LTT measurement technology now with LVDT sensors

LVDT / carrier-fed strain gages are rarely in use. But when they are, they pose great challenges to measurement technology. Especially for large projects with many measuring channels. The LTT24 from Labortechniker Tasler GmbH is the market leader for such and many other tasks.

Sometimes carrier frequency fed strain gages and LVDT sensors would be the best solution...

... if only they could be connected!

In the "normal" measuring everyday life they hardly occur and some do not know them at all: Carrier frequency fed strain gages and LVDT sensors. What both have in common is that they are powered by a sinusoidal voltage. While strain gages operate in resistor bridge circuits as resistive voltage dividers, LVDT sensors are constructed from coils and operate inductively. Both generate a sinusoidal output signal whose amplitude is derived from the physical quantity to be measured (e.g. deformation or displacement).

The advantage of the inductive design is above all the possibility of electrically and mechanically separating the receiver coil from the transmitter coil, which is an advantage, for example, in potentially explosive areas of application (e.g. level measurements in fuel tanks).

The essential unique selling point of both sensor types, however, is the fact that the amplitude-modulated output signals have exactly and only the signal frequency as the applied sinusoidal supply. No other frequency in the output signal belongs to the measurement result. Therefore, all interference and noise unequal to the excitation frequency can be filtered out analog and digital. This leaves an incredibly precise measurement signal even in extremely disturbed environments. An amazing advantage!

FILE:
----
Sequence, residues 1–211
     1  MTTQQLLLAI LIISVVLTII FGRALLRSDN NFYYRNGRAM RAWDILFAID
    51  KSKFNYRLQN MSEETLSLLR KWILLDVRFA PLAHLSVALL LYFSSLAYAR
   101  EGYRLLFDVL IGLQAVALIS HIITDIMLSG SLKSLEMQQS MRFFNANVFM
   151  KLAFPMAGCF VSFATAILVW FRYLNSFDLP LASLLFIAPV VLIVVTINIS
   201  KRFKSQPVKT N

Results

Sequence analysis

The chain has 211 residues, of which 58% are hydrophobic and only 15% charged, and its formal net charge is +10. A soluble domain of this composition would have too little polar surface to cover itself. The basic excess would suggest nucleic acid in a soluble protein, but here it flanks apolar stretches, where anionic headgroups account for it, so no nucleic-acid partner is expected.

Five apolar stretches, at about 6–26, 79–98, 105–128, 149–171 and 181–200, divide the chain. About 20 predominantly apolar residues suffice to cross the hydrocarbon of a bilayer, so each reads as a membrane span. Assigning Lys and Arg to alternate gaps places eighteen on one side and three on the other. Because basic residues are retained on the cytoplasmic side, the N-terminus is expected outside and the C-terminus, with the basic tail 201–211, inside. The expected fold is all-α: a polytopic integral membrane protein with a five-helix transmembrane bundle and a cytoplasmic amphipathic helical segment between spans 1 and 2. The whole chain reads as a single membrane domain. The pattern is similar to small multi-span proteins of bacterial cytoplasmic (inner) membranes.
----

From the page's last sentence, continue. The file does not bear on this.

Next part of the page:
They exploit their full potential in demanding applications. Typical applications are those that require long life and reliability (military, aerospace, turbines, power plants, factory automation, etc.).

Robustness in terms of sensitivity to interference, extreme operating temperatures, rapid temperature changes and vibrations qualify them for demanding applications in all industrial sectors. High IP protection classes and high-quality housing materials such as stainless steel and titanium make applications under water possible. Since these displacement transducers also withstand contact with aggressive chemicals without damage, they are suitable, for example, for cleaning or disinfection in machines for food production or packaging systems. The pressure-tight sensor versions are installed in hydraulic cylinders, servo valves and pneumatic cylinders for control and regulation.

Only with multi-channel measurements one must be careful: if all connected sensors were fed with the same excitation frequency, then signal components of the connected sensors could cross-talk with each other - and not be filtered out because they would all have the same frequency. Therefore, it is essential to ensure that all sensors are supplied with an individual sinusoidal excitation frequency (also called carrier frequency) during multi-channel measurements.

The slowest carrier frequency used determines the available measurement signal bandwidth. Additional measurement channels must therefore use higher carrier frequencies, so that the preamplifier to be used must not only offer different carrier frequencies individually for each channel, but must also be able to operate cleanly up to high carrier frequency ranges.

Such preamplifiers don't really exist anymore today...

...if the LTT24 would not be equipped with exactly this outstanding capability since a large wave channel project!

Carrier frequencies up to 125 kHz with a measurement signal dynamic of 140dB on up to 32 measurement channels individually configurable via software: this way large wind tunnel, wave channel and other demanding large-scale projects with many channels can be measured quasi interference-free.

The LVDT option is just one of the must-haves of the LTT24!